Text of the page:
December 05, 2011

Hotspots: You might deploy here next

As the Marine Corps resets itself after more than 10 years of large-scale combat, Marines will likely find themselves deploying more to exotic locations.

Officials recently published a list of about 100 language skills needed to support current and future operations around the globe. Many are eligible for foreign language proficiency pay, which ranges between $100 and $500 per month per language, showing leadership’s commitment to maintaining a cadre of select Marines who can speak every major and many obscure languages should there be a call to action. When paired with a list of the world’s most unstable countries, outlined in a report produced by the Marine Corps Warfighting Lab’s Center for Emerging Threats and Opportunities, a picture emerges of where Marines could deploy in the years to come.

Commandant Gen. Jim Amos recently referred to the most troubled areas of the globe as falling into the “arc of instability,” a band that stretches horizontally across the globe from Central and South America, across Africa and the Middle East to Southeast Asia. Inside that band are countries plagued by internal violence, extremism, organized crime, poverty, water and food shortages and booming youth populations.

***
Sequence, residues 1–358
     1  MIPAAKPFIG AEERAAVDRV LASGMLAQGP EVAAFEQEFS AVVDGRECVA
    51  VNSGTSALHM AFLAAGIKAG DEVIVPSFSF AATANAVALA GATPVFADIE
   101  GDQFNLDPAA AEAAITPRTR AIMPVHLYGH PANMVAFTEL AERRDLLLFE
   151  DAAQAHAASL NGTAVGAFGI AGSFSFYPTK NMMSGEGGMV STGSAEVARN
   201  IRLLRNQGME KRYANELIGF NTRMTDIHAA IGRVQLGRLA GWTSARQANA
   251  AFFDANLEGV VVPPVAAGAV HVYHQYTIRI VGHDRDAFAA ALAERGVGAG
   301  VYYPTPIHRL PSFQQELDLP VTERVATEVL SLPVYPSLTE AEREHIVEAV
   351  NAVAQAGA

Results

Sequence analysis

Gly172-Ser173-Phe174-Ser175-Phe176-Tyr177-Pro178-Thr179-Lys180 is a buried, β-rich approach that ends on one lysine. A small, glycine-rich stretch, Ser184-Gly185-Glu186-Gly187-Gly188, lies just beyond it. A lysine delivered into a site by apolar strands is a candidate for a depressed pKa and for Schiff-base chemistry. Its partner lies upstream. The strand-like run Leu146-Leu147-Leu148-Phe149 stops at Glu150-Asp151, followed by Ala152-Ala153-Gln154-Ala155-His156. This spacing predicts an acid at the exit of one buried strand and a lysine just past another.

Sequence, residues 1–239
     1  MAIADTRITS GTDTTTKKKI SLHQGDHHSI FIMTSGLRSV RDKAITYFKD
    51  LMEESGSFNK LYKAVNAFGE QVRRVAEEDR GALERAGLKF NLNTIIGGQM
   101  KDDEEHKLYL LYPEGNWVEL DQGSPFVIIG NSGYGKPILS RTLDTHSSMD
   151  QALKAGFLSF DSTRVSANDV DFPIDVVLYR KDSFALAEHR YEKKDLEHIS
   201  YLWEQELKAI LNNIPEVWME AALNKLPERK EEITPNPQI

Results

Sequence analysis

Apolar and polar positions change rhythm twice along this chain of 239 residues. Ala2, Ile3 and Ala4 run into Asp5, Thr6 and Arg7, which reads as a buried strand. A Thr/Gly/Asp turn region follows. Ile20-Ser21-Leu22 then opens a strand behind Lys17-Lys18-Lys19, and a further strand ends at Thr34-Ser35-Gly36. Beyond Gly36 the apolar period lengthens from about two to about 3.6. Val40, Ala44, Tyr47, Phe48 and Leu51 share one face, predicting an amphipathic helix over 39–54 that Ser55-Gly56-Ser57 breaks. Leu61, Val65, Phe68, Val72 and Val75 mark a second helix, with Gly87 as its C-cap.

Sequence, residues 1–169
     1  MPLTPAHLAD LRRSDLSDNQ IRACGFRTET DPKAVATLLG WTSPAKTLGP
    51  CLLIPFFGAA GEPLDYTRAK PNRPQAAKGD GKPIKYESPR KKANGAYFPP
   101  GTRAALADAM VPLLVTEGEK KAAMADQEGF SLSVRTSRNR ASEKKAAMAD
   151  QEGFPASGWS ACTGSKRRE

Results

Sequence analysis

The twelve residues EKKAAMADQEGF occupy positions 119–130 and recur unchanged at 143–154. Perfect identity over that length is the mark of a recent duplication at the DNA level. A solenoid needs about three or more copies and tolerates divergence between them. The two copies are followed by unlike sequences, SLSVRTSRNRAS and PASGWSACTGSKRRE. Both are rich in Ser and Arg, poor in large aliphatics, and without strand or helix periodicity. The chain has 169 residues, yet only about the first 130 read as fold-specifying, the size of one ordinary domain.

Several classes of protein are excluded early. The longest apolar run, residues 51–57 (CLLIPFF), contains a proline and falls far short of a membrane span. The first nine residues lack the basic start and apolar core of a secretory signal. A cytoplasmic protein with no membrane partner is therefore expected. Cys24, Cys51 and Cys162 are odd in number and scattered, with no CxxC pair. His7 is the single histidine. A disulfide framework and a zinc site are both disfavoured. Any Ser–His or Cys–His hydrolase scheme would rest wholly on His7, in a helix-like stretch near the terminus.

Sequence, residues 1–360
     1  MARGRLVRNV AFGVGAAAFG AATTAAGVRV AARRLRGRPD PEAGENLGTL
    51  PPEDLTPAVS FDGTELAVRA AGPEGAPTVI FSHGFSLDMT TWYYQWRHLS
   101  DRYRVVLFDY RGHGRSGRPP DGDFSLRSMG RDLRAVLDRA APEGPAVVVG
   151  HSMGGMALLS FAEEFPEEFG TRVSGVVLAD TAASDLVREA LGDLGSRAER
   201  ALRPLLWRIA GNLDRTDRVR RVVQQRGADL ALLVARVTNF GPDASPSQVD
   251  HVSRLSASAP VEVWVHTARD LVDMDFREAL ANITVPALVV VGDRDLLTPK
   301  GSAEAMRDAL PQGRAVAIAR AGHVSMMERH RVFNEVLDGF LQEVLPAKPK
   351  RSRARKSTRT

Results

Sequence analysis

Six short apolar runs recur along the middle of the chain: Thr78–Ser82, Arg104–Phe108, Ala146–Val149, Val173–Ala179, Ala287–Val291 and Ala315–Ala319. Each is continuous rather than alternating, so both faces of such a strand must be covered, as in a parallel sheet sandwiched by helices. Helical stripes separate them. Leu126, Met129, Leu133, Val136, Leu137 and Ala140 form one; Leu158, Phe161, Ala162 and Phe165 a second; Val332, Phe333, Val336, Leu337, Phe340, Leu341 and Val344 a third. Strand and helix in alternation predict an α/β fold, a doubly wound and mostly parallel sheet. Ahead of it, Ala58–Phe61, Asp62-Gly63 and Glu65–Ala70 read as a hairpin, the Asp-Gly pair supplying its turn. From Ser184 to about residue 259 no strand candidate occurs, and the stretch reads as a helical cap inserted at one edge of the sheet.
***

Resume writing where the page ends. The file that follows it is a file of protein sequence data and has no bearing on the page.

“The recipe there is for significant conflict over the next few decades,” Amos told an audience of think-tankers and government contractors Nov. 18 in Arlington, Va. “I see no reason to think the world is going to get any nicer over the next two decades.”

Here’s a look at the regions where Marines may be tapped to train local forces, evacuate U.S. citizens living abroad, bolster embassies, hunt down terrorists and pirates, or fight a future war. In some spots, the Corps has existing missions.


Southeast Asia, part of the Indo-Pacific region that stretches all the way to the Persian Gulf, is quickly becoming one of the most important regions for U.S. security, according to Patrick Cronin, senior director of the Asia-Pacific Security Program at the Center for a New American Security in Washington, D.C. Marines already train local forces in the Philippines, which is home to combat-hardened terrorists — some of whom are aligned with al-Qaida.